Employee motivation is mission-critical for any organization, from startups to well-established companies. Motivated employees tend to align the company’s purpose with their own, demonstrate more innovative problem solving and drive more impact. I’ve learned that if your organization isn’t actively working to ensure your employees are motivated, engaged and aligned with your mission, you risk falling behind the competition and staying there.
One of a startup’s biggest advantages is that it’s easier to motivate small, tight-knit teams and continually align and realign them around ever-changing priorities. As companies grow and age, it becomes increasingly important and difficult to ensure that their culture clearly reflects their purpose and that it motivates strong individual and group performance. Processes such as goal setting, reviewing and managing performance, and recognizing achievement either build upon or chip away at the strength of the company’s culture.
That said, after developing and growing performance-focused cultures in multiple high growth organizations I know that it’s never too late for a company to change its approach. Whatever size your business is, you can start creating a more engaged and motivated workforce by doing the following three things.
1. Develop a ‘philosophy of performance’
When a large majority of employees express a sentiment that performance reviews are little more than a needless HR requirement, it’s a sign that companies aren’t giving enough thought to the process. This is often a result of workers feeling that their day-to-day activities aren’t impacting the mission of the business. Motivation doesn’t come from perks like ping-pong tables, free lunches and unlimited vacation; it comes from continuously nurturing a sense of purpose that unifies managers, employees and the entire organization.
A performance-driven culture demands a performance philosophy. Make a commitment to align individual goals to the company’s overall strategy and have more frequent performance-related conversations that focus on career development. Share this philosophy plainly and clearly with everyone.
2. Make the performance discussion valuable for employees
Annual reviews fail to deliver on one of the primary purposes of any performance management program: nurturing sense of purpose or sustained motivation in employees that allows them to meet today’s goals and be ready for tomorrow’s challenges. Motivated team members have a clear understanding of how their work impacts the company’s performance. It’s essential that employees can link their individual objectives to the monthly, quarterly and annual priorities set by the business.
My company, Betterworks, develops software to support this philosophy of continuous performance enhancement. Critical to this is giving HR, managers and employees the tools to allow everyone to see the business’ key objectives, connect these with our own objectives and track our progress towards achieving them. This transparency gives everyone a stake in the process and tangible evidence to prove that what they are working on what really matters.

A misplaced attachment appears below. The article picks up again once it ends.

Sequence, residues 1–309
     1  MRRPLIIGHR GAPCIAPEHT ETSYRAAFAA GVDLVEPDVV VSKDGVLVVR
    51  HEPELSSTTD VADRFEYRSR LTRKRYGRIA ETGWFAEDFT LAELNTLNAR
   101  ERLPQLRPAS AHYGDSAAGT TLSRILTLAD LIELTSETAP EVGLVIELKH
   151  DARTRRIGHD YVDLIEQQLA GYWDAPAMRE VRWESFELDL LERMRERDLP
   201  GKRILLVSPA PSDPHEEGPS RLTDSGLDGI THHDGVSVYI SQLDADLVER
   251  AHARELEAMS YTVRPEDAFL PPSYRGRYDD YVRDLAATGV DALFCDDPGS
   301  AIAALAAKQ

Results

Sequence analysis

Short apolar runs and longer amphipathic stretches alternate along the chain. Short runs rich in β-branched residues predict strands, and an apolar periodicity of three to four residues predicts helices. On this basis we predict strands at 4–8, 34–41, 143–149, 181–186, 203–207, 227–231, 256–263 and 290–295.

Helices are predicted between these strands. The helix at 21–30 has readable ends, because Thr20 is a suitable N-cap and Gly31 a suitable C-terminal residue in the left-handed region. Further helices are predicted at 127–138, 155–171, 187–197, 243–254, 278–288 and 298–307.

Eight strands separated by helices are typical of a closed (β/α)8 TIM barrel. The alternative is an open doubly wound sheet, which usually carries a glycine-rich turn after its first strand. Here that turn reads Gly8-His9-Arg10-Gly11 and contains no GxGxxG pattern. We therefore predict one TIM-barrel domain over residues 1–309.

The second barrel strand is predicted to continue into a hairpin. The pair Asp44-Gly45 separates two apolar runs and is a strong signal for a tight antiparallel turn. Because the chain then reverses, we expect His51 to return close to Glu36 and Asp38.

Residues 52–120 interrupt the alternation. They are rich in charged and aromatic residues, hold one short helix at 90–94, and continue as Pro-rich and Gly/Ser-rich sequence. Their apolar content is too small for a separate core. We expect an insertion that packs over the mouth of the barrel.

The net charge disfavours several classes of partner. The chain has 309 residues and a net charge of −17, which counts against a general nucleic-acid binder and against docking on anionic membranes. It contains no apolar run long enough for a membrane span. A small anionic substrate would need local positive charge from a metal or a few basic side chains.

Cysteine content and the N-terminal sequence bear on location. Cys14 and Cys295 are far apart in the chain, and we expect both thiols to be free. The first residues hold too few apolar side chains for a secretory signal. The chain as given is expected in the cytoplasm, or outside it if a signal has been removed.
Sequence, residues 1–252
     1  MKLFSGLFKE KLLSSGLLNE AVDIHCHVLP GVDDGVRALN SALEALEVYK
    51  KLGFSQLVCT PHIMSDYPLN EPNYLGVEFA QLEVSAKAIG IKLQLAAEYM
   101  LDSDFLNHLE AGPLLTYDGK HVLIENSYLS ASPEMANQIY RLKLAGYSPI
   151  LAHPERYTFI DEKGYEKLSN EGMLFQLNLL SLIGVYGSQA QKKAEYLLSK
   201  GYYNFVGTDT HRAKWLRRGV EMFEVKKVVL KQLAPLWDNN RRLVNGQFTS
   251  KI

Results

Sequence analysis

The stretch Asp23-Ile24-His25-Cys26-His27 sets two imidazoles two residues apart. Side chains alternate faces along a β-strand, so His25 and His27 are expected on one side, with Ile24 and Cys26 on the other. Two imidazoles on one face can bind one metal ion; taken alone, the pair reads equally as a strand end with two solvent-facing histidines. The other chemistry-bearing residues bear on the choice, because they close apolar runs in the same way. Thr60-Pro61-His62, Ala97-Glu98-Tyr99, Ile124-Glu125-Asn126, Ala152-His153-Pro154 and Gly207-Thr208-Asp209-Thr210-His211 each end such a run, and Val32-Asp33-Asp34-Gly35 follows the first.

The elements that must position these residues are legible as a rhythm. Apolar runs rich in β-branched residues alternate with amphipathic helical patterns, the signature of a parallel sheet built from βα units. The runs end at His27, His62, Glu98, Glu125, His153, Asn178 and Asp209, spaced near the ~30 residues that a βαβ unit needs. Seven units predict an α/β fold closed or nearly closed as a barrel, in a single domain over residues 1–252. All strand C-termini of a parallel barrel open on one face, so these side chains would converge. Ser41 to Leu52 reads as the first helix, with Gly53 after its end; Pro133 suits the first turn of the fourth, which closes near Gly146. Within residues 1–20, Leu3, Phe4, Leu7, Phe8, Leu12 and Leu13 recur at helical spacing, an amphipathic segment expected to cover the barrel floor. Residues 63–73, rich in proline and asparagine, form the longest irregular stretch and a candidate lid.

3. Talk more
Once you’ve linked each individual’s goals to the wider business objectives, the impact of one person falling behind becomes obvious. You can’t hang around for that end-of-year performance review to see how everyone has done. Instead of those time-consuming, weighty annual reviews where feedback and assistance often come too late to be useful, encourage more frequent light-weight conversations.
Managers will tell you that they check-in with their direct reports all the time, but the reality is that most don’t have conversations with their reports nearly enough. When they do occur, these conversations are usually about day-to-day tasks and rarely touch on the wider goals and development opportunities. To break this cycle, I encourage managers to hold short monthly conversations, that they can incorporate into regular one-on-ones, where they would ask three simple questions around goals: 1) What do you need more of? 2) What do you need less of? 3) How can I help? This allows timely course correction that keeps work on track.
You shouldn’t expect perfection from the start. People need practice giving and receiving feedback with regularity to become effective at it. In my experience, most managers either want or need additional help when it comes to coaching employees and teams toward improved performance. That said, I believe that frequent, short, (even awkward) conversations are better than not purposely touching base on performance at all. With each month, the discussions become smoother and more valuable for both the employee, manager and, ultimately, the business.
Technology can help bring your performance philosophy to life
Articulating your performance philosophy is key to cultivating a performance-driven culture, and technology plays an important role in bringing it to life. To be effective, a continuous performance process requires a seamless, easy-to-use way for people to see how their goals tie to the broader business and to track their monthly conversations.
This approach needs help from technology to execute successfully, and as HR industry analyst Josh Bersin notes this has opened the market for more nimble and innovative solution providers who can better support a continuous process.
No matter where your company is on the growth curve, creating a performance-driven culture that provides purpose and encourages communication will help you retain and motivate your best employees and that will keep your business ahead of the competition.